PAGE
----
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What makes airplane toilets so ‘extraordinary’? Flight experts explain why they suck — in a good way

Flight experts wowed travelers after revealing the
Flight experts wowed travelers after revealing the "extraordinary" amount of engineering that goes into allowing people to safely do their business at 40,000 feet.

Airplane toilets suck … literally.

Airplane toilets are anything but a simple touch-and-flush operation. Flight experts wowed travelers after revealing the “extraordinary” amount of engineering that goes into allowing people to safely do their business at 40,000 feet.

“It’s like your vacuum cleaner – it sucks,” explained Nigel Jones, an aircraft engineer from Kingston University in London. Bildagentur-online/Universal Images Group via Getty Images
“It’s like your vacuum cleaner – it sucks,” explained Nigel Jones, an aircraft engineer from Kingston University in London. Bildagentur-online/Universal Images Group via Getty Images

In general, the airplane setting takes the most mundane tasks — from heating water to, well, using the lavatory — to new heights of difficulty due to safety concerns.

“Everything is twice as hard on a plane as on the ground,” Al St. Germain, an aviation industry consultant who’s worked for airlines including Delta and United, told CNN.

Flushing airplane toilets with water is prohibited due to aircraft weight restrictions — not to mention that the water would slosh out of the bowl upon hitting turbulence.

Fortunately, scientists devised a Plan B: Air. That’s right, waste matter is sucked out of the plane using a differential pressure (rather than the passive siphon system employed by most terrestrial toilets) in a system patented by James Kemper in 1975.

When the lavatory user presses the button, a valve opens up in the bowl connecting to a pressurized pipe. This then sucks out the bowl’s contents like a high-altitude Hoover vacuum — hence the contraption’s moniker “vacuum toilet” — after which the valve snaps shut.

“It’s like your vacuum cleaner – it sucks,” explained Nigel Jones, an aircraft engineer from Kingston University in London.

Airplane toilets empty into special tanks, which are generally located at the front and back of the aircraft. Getty Images/iStockphoto
Airplane toilets empty into special tanks, which are generally located at the front and back of the aircraft. Getty Images/iStockphoto

This suction effect is caused by the natural difference in pressure between the cabin and the outside atmosphere that’s generated by the plane climbing into the sky (it doesn’t occur when the aircraft is on the ground).

In fact, the vacuuming occurs continuously throughout the whole fight, but we only hear it when the valve opens.

Then, of course, there’s the age-old question of where the contents go after getting flushed.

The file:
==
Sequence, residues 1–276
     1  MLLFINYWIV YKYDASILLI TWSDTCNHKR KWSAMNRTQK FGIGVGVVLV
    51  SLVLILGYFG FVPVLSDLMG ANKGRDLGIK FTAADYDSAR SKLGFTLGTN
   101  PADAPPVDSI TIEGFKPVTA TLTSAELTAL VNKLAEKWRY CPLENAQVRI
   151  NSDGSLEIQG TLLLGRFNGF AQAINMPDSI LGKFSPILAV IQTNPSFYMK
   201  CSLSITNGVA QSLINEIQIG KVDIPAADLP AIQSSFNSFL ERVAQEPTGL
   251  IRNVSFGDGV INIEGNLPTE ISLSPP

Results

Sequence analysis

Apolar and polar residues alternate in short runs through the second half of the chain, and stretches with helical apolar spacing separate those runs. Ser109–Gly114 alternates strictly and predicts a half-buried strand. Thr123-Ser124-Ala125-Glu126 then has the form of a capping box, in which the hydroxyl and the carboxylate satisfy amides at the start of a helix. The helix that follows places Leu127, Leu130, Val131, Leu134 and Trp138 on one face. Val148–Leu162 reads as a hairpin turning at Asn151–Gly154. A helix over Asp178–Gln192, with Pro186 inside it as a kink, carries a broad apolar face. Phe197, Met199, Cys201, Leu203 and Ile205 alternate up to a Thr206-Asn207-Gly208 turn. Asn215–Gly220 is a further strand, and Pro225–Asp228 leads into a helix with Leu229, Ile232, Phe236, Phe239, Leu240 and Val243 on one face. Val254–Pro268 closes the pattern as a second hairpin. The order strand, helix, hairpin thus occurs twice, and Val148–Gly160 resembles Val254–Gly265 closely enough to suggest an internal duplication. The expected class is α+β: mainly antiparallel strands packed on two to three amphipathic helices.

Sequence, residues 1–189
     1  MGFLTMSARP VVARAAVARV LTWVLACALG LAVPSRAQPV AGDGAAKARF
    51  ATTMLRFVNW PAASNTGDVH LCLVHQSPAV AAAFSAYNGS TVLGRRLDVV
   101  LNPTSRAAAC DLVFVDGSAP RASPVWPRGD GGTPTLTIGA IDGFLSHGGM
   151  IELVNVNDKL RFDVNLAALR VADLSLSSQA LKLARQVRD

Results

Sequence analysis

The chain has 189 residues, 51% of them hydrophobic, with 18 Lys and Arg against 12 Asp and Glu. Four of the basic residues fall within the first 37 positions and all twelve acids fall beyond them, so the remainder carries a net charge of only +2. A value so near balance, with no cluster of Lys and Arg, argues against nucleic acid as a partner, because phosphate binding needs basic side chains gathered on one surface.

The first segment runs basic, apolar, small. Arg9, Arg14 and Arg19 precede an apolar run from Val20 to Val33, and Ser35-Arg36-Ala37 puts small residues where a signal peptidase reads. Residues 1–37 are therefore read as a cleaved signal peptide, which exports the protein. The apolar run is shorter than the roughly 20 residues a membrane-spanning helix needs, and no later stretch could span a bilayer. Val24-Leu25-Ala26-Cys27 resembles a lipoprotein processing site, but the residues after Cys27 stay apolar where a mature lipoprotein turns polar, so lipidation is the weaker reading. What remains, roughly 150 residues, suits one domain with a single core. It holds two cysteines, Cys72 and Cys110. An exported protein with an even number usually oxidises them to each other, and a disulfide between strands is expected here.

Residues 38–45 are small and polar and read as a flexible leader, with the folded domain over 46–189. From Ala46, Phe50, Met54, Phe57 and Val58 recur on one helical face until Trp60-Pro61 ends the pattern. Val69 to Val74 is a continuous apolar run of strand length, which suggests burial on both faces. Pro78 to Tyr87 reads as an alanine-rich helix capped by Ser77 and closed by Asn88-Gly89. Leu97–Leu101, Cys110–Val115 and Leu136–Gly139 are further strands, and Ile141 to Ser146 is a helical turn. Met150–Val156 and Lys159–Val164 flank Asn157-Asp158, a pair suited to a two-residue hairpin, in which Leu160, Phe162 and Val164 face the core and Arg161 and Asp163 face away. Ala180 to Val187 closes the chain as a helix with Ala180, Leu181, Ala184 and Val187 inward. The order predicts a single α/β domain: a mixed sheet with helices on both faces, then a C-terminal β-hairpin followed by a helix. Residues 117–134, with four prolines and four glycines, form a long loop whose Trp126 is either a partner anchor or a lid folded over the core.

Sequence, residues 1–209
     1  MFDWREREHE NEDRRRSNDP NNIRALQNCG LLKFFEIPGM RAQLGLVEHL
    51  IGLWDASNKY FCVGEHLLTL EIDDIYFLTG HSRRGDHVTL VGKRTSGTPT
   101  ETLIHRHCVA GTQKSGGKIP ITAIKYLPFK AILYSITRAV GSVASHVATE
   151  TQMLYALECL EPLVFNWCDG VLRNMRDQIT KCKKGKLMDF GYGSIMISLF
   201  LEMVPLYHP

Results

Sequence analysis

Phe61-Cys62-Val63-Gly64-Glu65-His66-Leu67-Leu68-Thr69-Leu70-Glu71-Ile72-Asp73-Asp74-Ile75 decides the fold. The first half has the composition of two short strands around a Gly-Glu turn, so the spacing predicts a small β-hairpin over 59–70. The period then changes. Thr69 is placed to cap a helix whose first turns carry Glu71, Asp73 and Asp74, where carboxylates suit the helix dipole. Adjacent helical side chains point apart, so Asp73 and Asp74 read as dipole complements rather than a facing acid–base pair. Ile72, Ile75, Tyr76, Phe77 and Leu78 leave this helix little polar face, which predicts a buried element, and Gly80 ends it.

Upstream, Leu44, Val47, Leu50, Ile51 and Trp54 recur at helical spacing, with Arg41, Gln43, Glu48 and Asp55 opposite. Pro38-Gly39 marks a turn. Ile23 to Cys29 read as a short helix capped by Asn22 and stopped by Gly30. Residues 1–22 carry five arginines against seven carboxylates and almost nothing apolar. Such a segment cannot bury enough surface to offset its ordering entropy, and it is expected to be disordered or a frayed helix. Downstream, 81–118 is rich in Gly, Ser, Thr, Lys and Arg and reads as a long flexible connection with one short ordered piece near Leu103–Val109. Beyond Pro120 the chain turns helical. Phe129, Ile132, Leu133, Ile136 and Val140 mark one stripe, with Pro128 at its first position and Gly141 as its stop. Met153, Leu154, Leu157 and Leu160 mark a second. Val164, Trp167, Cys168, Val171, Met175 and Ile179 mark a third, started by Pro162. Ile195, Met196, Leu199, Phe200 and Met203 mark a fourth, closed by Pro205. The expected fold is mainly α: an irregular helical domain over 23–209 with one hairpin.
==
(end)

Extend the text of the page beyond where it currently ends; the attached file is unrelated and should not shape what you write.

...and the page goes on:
Contrary to popular belief, waste matter isn’t just shot out of the airlock into the sky a la “Goldfinger,” but rather goes into pressured waste tanks, which are generally located at both the rear and front of the aircraft.

One or two clogged toilets can force pilots to ground a flight. Gado via Getty Images
One or two clogged toilets can force pilots to ground a flight. Gado via Getty Images

These are then emptied into “honey wagons,” special waste disposal vehicles that transport the contents to the airport for processing.

While the mechanism may seem strange, vacuum toilets boast many advantages over their siphon-based counterparts, even for normal, non-plane-based installations.

These include narrower sewer pipes, the ability to flush in any direction as these loos don’t rely on gravity, and of course, the fact that they flush with minimal water, which makes them eco-friendly to boot, according to HowStuffWorks.com

On average, vacuum potties use half a gallon or less, compared to 1.6 gallons for a water-saving toilet and up to 5 gallons (19 liters) for an older toilet.

Best of all, the bowl is entirely coated with Teflon so everything slides right off, precluding users from having to use a toilet brush.

Of course, these sky thrones aren’t without their downsides.

For one, airplane toilets do tend to get clogged frequently, especially when passengers throw diapers and other unauthorized items down them. This can be a nightmare to rectify given the labyrinthine pipe work.

An airplane is being serviced on an airport platform. Getty Images/iStockphoto
An airplane is being serviced on an airport platform. Getty Images/iStockphoto

In fact, just one or two blocked johns is enough for pilots to ground a flight due to the limited number of facilities

There’s also the issue of airplane sewage getting accidentally expelled into the atmosphere because of a leaky discharge pipe.

As the outside temperature is generally below freezing, any liquid will “popsicle” (poopsicle?) upon contact with the air, forming what’s known as “blue ice” in the airline industry.

“It would get to a point where it’s too heavy to adhere to the toilet servicing panel, so it would fall out and that’s what blue ice was,” explained Jones.

In 2021, an unfortunate fellow who lived near London’s Heathrow Airport was unceremoniously splattered with poop because of this very phenomenon.

To make matters worse, the excrement didn’t get a chance to freeze beforehand due to the plane’s proximity to the ground.